Taken-for-Granted Notion: America’s Veterans

Homefront Girl?!
Homefront Girl?!  Really?!

I want to believe our society is coming close to equally treating female veterans as it does male veterans. I really do. However, I constantly find reminders that support the taken-for-granted notion veterans (and service members) are men.

I am even more embarrassed at some of the products coming out, particularly the ones that encourage the “girl” who stays behind supporting her man. These things seem to sell a notion military wives and girlfriends do not have an identity all their own.  Would you see something of this label for same sex couples?!  No, but it’s perfectly normal for heteronormative marketing.

I honestly couldn’t buy any of these Yankee Candles even if I loved the scents available through their Homefront Girl line. Thankfully, I found some information that a dollar from each sale goes to Homes for Our Troops.  However, the proceeds are limited to $75,000 or date, April 30th, 2016 per the image below:

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I don’t wish to alienate other women, but I see over and over again how society values the “military wife” and her fulfillment of a traditional gender role.  She is placed on a pedestal for raising the kid(s), keeping the house, and staying loyal as her man serves his country.  Yet, female service members (and veterans) are forgotten persons.  We are remembered for mothering (as applicable), but our military service…it’s an invisible achievement.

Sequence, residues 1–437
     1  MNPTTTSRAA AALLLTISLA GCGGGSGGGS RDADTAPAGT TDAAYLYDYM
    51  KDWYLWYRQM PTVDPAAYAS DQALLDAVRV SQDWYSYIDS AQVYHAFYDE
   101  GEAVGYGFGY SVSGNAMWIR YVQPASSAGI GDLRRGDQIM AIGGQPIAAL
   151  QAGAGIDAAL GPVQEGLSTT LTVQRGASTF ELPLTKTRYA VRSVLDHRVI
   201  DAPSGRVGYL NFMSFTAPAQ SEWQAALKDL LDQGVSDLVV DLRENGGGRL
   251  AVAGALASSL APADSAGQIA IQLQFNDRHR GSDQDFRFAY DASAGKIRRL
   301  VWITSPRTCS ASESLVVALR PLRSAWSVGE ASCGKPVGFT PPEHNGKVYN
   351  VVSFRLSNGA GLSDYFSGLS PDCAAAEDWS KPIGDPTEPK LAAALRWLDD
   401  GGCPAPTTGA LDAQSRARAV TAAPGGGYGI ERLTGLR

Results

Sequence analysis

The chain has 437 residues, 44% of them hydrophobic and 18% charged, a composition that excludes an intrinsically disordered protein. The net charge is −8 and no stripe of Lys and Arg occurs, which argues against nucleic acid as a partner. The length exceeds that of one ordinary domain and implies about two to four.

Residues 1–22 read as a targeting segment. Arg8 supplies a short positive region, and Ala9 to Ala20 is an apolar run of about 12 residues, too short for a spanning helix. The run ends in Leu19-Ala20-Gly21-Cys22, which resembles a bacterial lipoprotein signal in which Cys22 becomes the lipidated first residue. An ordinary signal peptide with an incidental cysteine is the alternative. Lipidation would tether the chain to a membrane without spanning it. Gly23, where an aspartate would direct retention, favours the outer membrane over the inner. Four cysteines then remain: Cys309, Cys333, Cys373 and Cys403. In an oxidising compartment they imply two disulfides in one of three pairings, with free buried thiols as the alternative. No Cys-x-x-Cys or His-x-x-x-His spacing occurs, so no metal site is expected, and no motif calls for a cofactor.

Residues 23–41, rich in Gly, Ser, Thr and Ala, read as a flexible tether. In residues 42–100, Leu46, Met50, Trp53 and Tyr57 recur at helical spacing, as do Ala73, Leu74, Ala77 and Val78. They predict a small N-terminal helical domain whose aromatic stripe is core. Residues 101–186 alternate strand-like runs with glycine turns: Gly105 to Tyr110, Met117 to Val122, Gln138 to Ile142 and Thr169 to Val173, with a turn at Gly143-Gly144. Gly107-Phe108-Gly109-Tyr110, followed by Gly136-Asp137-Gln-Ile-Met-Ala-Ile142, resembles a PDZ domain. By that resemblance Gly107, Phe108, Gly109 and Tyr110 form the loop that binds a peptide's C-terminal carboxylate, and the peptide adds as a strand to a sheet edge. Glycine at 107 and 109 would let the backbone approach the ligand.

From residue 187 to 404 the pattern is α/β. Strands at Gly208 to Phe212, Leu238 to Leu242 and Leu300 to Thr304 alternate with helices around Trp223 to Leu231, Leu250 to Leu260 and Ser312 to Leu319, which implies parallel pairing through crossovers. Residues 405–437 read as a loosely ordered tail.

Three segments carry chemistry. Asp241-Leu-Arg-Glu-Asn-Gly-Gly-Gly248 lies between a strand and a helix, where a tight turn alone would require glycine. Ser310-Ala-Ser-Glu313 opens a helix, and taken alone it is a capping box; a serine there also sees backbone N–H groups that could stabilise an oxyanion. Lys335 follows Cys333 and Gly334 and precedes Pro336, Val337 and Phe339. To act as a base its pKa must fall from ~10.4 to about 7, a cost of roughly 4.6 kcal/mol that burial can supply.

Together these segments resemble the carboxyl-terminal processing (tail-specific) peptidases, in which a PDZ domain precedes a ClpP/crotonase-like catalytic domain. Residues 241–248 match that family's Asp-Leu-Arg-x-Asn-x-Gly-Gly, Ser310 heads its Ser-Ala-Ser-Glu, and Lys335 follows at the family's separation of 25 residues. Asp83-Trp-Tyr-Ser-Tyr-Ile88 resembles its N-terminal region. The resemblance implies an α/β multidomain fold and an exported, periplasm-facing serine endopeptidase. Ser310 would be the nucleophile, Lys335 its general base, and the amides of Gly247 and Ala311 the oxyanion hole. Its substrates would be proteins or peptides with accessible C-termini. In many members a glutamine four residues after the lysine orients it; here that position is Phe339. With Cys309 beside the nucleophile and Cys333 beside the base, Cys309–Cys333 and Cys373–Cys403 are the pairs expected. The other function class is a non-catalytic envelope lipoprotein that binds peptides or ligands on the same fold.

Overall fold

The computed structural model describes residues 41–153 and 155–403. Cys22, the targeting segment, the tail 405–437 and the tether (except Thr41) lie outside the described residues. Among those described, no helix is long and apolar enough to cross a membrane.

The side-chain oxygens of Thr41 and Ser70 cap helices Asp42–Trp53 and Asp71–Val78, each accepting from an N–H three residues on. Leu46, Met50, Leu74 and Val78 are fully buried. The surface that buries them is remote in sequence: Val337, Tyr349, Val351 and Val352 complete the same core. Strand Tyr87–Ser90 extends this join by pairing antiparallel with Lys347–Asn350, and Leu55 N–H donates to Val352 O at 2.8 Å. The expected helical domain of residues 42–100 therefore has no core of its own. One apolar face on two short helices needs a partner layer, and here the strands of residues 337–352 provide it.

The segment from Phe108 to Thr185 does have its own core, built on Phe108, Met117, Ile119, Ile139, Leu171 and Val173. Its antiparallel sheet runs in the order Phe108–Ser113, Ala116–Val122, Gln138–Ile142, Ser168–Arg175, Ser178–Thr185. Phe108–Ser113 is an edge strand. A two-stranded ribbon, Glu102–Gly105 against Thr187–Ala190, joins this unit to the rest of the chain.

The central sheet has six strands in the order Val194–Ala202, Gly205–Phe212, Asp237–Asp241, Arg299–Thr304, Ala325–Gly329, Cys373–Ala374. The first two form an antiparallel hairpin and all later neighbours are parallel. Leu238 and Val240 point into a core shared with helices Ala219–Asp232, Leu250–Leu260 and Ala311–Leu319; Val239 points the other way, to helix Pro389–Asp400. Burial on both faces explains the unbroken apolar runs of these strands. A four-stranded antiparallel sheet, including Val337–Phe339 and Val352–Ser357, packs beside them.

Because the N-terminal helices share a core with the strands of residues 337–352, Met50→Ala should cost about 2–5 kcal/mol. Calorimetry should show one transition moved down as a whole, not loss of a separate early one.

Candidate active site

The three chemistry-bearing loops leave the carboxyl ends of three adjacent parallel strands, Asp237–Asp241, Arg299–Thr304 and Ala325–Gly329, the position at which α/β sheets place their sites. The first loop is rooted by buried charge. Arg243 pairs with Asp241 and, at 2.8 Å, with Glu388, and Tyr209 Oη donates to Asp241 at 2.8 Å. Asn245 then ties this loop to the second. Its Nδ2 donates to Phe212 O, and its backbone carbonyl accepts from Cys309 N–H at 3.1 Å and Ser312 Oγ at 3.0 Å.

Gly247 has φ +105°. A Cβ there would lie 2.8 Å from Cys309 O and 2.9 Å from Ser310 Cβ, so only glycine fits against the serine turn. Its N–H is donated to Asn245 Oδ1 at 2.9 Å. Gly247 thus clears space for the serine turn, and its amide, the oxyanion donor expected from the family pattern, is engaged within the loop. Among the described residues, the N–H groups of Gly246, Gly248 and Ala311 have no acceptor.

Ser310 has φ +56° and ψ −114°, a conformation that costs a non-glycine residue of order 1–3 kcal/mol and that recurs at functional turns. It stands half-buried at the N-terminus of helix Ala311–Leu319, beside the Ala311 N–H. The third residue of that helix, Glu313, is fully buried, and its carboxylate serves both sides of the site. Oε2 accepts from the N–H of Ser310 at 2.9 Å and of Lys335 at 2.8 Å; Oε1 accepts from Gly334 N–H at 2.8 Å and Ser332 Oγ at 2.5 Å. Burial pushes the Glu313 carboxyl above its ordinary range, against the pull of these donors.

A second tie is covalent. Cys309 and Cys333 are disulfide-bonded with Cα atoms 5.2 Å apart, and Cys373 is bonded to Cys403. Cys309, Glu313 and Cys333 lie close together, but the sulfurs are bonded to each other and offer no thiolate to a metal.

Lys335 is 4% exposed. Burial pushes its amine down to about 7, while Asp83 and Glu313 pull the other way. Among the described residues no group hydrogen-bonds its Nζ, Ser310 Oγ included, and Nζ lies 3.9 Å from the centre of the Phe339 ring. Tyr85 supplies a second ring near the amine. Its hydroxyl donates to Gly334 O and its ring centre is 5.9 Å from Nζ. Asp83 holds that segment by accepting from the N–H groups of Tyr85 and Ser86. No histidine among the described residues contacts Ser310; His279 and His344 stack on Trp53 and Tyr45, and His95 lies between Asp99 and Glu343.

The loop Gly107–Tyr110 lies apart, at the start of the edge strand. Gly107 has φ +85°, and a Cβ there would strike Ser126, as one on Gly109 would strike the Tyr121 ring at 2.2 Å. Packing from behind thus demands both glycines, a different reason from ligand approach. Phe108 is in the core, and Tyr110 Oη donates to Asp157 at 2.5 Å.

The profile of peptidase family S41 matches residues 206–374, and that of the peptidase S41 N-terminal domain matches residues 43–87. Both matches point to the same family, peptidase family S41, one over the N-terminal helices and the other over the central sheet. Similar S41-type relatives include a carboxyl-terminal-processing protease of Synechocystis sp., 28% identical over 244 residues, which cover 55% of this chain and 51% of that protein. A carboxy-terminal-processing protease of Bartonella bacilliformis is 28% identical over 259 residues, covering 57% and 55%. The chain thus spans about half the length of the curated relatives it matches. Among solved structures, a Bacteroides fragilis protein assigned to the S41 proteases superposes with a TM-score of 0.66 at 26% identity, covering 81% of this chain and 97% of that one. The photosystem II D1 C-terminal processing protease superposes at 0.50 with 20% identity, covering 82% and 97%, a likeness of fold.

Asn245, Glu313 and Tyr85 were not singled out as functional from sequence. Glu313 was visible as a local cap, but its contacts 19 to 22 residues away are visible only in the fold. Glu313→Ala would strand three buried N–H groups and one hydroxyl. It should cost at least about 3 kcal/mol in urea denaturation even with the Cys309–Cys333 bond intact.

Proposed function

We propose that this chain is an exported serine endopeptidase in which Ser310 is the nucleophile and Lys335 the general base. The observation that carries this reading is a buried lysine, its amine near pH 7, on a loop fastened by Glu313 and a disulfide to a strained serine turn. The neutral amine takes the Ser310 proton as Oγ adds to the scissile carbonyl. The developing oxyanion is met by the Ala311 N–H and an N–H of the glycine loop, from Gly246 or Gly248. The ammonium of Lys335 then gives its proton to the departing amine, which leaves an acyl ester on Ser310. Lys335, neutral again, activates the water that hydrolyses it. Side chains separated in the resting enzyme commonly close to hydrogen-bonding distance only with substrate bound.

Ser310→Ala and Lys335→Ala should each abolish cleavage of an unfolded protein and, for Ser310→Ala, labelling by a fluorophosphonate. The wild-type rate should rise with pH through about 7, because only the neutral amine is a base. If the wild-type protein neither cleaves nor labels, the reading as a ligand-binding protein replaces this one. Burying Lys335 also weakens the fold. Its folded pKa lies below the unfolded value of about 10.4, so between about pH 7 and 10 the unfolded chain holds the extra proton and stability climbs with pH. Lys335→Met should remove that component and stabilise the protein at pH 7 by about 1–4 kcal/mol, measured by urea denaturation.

I saw this issue play out again in my life when my husband and I picked up our car from a valet.  The man, probably slightly younger than us, noticed our veteran plate.  He turned to my husband and asked his service branch.  Thomas responded with ‘Marine Corps’ and the valet thanked him for his service.

In these moments, I better understand female veterans who place woman veteran license plates on their car, especially those whose husbands (or boyfriends) did not serve in the military.  I do not have one myself and the recent woman veteran hat is coming up increasingly in social media sites.

I am getting closer to upping the ante for my veteran recognition project.  I’ve worn my dog tags since last October with little notice.  I haven’t blatantly hung out the tags; as a veteran, I feel it would be tacky to do so.  I was hoping people would notice a dog tag chain is unlike other pieces of ‘jewelry’ and therefore make the connection.  Haha….no one notices.  Truly, no one notices.

I think a female veteran hat would be a silly addition to my project but I promise a creative approach to this problem.  Society does not need to thank its female veterans (as equally as it does not need to thank male veterans) however it does need to recognize on many levels women serve in our Armed Forces.


Wearing my dog tags as part of my social experiment.
Wearing my dog tags as part of my social experiment. (May 31st at Montelucia–Scottsdale, AZ)

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